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How much notice should a leaving nanny give?

Whether you're relocating because of a spouse or have been offered another job, giving notice and leaving your nanny position can be difficult for everyone involved. Leaving a child care job involves more than just tying up a few loose ends and packing up your desk. You have most likely developed a deep emotional relationship with the children and family that you serve and the transition for both parties can be hard to manage. If you are going to leave your nanny job, it is important to be honest with your employer and keep him or her abreast of your plans. 

A standard notice period for the business world is two weeks, and you may have already agreed to that when you were first hired, but if possible you should allow for more time. As you may remember from your own hiring process, finding a good nanny takes a long time — sometimes several months. Quitting abruptly will leave a family scrambling to find a babysitter or a daycare center. Unless your situation is dire or urgent, give your employer enough time to develop a transition plan.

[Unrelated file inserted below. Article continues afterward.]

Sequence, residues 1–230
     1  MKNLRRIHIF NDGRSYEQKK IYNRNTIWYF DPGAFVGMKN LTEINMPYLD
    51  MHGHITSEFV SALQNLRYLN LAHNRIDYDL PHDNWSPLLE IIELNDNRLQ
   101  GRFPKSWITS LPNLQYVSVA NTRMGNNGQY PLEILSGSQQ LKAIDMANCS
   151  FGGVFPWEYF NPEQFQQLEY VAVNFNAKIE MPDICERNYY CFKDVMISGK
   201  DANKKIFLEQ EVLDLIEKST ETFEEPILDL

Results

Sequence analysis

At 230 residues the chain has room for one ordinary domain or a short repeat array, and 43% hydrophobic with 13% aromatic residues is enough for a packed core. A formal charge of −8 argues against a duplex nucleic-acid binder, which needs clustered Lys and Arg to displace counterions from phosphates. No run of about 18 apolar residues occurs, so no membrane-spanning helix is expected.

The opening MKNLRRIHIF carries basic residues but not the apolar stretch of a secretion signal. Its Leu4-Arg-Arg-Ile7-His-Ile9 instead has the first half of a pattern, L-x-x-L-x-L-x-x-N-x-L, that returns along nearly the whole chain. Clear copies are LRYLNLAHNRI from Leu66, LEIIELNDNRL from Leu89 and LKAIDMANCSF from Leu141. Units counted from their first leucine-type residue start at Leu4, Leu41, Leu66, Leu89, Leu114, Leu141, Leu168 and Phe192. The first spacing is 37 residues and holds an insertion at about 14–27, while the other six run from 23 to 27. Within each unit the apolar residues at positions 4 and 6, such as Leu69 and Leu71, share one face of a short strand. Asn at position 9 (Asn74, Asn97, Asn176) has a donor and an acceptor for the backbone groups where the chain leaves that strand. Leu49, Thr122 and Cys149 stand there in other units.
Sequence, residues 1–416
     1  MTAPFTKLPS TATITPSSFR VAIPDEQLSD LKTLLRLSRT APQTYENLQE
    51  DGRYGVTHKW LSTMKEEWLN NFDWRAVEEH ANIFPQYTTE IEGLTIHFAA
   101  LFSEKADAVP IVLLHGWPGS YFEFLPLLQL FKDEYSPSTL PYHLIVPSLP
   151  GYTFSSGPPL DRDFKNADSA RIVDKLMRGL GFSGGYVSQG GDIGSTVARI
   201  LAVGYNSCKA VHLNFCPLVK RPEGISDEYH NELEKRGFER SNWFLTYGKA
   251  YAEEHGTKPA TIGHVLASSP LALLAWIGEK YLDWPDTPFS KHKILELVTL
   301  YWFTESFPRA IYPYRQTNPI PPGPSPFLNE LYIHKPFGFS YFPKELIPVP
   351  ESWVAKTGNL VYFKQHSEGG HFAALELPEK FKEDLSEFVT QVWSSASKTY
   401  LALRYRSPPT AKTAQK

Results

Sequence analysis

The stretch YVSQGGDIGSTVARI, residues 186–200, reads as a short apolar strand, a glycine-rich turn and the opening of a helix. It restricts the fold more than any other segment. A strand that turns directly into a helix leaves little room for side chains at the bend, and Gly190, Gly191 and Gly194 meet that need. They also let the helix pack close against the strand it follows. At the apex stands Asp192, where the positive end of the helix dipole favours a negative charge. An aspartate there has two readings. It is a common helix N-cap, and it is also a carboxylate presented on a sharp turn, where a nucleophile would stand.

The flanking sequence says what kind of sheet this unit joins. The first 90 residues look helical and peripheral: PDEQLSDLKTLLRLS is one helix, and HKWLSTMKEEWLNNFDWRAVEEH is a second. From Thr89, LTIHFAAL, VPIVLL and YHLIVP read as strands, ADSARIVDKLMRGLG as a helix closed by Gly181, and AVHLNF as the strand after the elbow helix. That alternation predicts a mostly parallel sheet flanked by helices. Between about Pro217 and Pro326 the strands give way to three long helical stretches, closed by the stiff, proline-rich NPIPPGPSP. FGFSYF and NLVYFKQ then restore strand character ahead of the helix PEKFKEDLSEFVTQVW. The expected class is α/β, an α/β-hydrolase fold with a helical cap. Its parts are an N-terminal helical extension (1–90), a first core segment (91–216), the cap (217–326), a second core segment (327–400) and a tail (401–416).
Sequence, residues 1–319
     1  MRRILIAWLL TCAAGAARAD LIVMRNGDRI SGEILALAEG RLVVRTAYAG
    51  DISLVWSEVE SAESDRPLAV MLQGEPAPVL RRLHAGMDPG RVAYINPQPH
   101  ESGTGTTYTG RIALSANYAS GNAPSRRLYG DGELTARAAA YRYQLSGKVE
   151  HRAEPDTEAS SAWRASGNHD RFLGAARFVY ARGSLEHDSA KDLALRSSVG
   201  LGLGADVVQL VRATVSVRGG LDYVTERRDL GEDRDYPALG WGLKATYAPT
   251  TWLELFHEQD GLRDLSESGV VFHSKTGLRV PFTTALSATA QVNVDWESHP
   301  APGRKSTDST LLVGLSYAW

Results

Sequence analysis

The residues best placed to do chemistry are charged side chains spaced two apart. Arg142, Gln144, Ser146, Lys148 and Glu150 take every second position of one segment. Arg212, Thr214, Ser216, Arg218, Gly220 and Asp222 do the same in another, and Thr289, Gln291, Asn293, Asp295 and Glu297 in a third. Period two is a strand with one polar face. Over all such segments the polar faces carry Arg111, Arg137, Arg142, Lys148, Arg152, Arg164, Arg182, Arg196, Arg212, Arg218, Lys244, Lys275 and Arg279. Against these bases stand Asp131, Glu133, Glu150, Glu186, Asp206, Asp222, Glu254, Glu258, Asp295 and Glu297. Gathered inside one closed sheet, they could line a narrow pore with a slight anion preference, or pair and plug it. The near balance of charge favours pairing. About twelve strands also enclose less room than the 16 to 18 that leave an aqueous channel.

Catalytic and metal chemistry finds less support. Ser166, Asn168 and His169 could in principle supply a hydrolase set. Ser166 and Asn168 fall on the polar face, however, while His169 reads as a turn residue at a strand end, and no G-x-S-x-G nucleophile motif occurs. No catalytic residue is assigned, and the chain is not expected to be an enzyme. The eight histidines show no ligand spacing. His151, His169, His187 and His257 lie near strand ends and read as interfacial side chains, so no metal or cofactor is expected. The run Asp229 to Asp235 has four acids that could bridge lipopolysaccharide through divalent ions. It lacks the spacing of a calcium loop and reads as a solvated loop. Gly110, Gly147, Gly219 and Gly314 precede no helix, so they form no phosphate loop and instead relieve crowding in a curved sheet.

A nanny who has given her notice should be prepared for the possibility that the family may terminate your employment immediately. They may also hire someone else during your notice period and ask you to leave earlier than you expected. Most employers, however, will want to make the transition as smooth as possible. 

Remember that it is always important to leave an employer on good terms. If you find yourself looking for a domestic position again, you will need good references to find employment. 

At Colonial Domestic Agency, our knowledgeable counselors match experienced nannies with families that desire their skills. Contact us today to learn more about long-term employment opportunities.